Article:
Monday, September 1, 2008

Interview with Jordanka (Tree Artist)

I once had the distinct pleasure of "doing art" with a three and five year old. We spread newspapers over the table and then, on top of that, what seemed like a ream of paper, several jars of water, a jumble of brushes and a huge array of watercolors. Painting, I soon learned, was a seriously fun business.

The three year old seemed more absorbed by the process of painting than what he painted (though he gave an elaborate story afterwards about his subject, I got the impression that he was making it up. I sensed the story telling was also part of his "art"). His technique was to grab hold of a big, fat paintbrush with clenched fist and gob paint--as much as possible--onto the bristles. He spent a good deal more time feeling the movement of paint on paper than he did trying to make objects out of paint. His was as much a tactile experience as visual.

The five year old, likewise, was intent on her painting project, but in a different, more studied way (befitting her personality). Subject was definitely important to her. Lines. Color. She worked swiftly with brisk movements of the brush. She took a sort of minimalist approach. Decisive (she'd planned out her painting), yet unfettered, free with her strokes. I couldn't have reproduced the vibrant paintings she made.

Fast forward a few years to "art" projects these children now brought home from school. Gone were the thick, flowing lines. Gone were the energy and freedom of movement. Gone were the unrestrained, surprising colors and creative spirit. Self-consciousness had crept in. Stiff stick figures. Dictated subjects and forced perspectives. Painting wasn't something to be done just for the fun of it. "Art" was now a homework assignment: just another subject in school. It was something to be done within a prescribed time limit and to get a grade. Ugh. I couldn't help but feel sad.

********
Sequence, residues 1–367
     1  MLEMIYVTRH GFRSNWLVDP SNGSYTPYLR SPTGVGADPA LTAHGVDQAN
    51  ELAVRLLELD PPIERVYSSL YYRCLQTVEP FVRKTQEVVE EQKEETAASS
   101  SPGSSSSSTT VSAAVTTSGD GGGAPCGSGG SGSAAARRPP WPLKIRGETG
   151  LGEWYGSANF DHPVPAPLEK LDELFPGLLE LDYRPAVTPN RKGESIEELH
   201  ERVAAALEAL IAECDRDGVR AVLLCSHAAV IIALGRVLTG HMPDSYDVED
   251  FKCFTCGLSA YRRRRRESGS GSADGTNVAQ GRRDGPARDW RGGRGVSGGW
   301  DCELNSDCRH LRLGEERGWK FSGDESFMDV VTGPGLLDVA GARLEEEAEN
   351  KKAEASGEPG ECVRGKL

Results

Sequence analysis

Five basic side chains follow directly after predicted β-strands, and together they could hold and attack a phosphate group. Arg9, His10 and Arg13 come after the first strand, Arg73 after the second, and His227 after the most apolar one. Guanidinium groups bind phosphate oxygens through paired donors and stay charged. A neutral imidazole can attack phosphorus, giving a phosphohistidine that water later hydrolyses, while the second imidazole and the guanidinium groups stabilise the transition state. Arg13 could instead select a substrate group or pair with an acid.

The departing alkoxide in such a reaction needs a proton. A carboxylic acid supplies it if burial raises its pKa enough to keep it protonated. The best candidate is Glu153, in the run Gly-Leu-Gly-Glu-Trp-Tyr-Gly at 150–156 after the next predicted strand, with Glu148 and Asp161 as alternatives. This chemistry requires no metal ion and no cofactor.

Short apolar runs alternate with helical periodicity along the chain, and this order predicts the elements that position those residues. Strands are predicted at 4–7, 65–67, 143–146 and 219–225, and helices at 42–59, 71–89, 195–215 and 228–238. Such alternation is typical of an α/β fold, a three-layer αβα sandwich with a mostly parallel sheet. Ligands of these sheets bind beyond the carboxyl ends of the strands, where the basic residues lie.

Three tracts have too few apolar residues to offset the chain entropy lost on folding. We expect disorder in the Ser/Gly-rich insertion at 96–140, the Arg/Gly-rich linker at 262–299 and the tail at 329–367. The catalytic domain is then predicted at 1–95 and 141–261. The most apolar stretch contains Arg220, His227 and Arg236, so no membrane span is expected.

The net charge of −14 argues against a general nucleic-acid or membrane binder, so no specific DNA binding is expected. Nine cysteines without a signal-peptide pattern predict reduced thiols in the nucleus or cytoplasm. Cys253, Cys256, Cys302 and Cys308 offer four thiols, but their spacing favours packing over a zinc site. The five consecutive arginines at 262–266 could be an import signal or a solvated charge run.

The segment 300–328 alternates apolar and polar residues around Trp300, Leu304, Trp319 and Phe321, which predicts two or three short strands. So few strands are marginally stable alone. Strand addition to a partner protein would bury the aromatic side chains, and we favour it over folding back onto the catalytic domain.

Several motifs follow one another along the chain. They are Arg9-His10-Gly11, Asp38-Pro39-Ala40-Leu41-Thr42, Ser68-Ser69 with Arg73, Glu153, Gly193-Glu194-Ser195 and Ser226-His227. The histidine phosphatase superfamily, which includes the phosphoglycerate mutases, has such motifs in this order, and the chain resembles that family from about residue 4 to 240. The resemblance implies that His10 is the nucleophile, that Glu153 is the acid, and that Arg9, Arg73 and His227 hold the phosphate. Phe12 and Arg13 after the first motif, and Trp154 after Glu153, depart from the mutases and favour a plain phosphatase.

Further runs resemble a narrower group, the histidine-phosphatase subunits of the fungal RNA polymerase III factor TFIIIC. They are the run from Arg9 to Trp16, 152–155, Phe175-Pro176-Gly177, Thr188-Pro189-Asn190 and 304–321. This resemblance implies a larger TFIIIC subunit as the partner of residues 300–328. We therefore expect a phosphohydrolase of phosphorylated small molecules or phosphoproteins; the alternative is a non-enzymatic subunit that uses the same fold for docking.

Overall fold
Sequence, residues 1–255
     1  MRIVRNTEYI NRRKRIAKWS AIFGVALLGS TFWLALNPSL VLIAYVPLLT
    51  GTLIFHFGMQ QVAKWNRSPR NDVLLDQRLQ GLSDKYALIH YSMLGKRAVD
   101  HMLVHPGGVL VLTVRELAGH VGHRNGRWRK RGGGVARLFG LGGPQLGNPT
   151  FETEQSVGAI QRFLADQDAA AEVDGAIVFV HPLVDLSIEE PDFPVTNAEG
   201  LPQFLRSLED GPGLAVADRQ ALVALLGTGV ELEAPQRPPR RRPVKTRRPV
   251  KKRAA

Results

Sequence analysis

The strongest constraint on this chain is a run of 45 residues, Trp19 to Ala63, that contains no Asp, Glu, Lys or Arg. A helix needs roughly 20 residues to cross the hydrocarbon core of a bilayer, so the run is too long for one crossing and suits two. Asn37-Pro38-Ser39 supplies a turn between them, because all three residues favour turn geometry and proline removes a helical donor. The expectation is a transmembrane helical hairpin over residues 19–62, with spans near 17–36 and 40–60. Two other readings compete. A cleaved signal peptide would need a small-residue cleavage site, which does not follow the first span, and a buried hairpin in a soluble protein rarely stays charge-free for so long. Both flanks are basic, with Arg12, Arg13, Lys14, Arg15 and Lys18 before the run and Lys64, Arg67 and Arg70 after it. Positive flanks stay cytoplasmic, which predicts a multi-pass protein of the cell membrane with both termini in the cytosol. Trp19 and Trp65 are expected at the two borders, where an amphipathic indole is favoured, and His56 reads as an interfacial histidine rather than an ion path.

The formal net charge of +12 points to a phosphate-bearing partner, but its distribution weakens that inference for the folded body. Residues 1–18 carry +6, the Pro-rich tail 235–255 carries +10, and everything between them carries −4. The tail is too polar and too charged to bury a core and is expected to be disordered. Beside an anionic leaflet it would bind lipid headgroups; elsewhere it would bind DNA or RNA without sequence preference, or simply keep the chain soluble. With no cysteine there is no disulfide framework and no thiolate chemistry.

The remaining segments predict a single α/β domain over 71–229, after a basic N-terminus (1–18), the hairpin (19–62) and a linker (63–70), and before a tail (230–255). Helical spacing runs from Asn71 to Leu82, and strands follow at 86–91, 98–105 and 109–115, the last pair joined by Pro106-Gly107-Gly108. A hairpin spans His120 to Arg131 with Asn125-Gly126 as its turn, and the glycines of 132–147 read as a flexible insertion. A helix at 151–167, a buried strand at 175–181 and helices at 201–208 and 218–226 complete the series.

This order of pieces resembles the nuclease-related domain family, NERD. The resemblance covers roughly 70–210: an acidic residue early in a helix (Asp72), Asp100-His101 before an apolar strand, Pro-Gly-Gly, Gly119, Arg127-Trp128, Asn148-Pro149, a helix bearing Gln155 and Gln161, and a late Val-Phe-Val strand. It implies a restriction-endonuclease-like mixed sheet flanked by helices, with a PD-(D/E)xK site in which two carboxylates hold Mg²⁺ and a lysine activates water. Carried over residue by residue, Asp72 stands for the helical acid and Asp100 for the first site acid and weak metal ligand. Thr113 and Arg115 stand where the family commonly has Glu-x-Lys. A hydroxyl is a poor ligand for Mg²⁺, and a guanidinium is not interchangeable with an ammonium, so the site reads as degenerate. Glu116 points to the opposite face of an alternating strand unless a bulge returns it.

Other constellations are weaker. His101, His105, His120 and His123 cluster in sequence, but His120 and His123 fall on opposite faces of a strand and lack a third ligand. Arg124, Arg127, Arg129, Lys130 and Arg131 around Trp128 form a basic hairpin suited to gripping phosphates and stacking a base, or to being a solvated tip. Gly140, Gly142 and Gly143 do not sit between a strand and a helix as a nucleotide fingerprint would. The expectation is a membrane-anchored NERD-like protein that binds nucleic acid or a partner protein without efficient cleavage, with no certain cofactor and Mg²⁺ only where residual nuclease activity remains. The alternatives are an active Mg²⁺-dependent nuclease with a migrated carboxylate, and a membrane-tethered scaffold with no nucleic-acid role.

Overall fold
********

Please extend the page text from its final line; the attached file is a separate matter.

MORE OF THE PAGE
"I could paint realistic portraits by age 10, but it took me a life time to learn how to paint like a child."--Picasso

I took this quote from the website of Jordanka, Tree Artist. I read that Paul Klee, a Swiss painter who taught at the Bauhaus school of art and architecture, felt similarly and I wondered how many artists, known and relatively unknown, struggle to get back something into their artwork that life, maturity, and formal schooling often knocks out of us.

Jordanka is a Naive artist I met through Etsy and whose work I've admired from afar. Those TREES she paints! You can't help but get drawn in! In 38 years of working her craft, Jordanka has won numerous awards and participated in solo and group exhibitions in both United States and Canadian galleries. She has also been featured in countless articles in local newspapers, including Chatelaine Magazine, and appeared on four local television shows. Since "getting the child back" into my own work is something I think about a great deal, I was delighted when Jordanka agreed to share some of her insights.

"I was born and raised in Bulgaria," Jordanka tells me, "and interested in art ever since I was a little girl. I used to visit the only Gallery in my hometown, Burgas, and wished I could paint like those great artists. I came to Canada in 1970. Along with raising a family, (a son with Cerebral Palsy and a daughter), I taught myself to paint. First I copied every picture from the "How-to" paint books and later from National Geographic and other magazines. I tried all kinds of mediums: Pastels, Oils, Colored Pencils and Acrylics. I painted flowers, animals, and mostly portraits in a truly realist manner."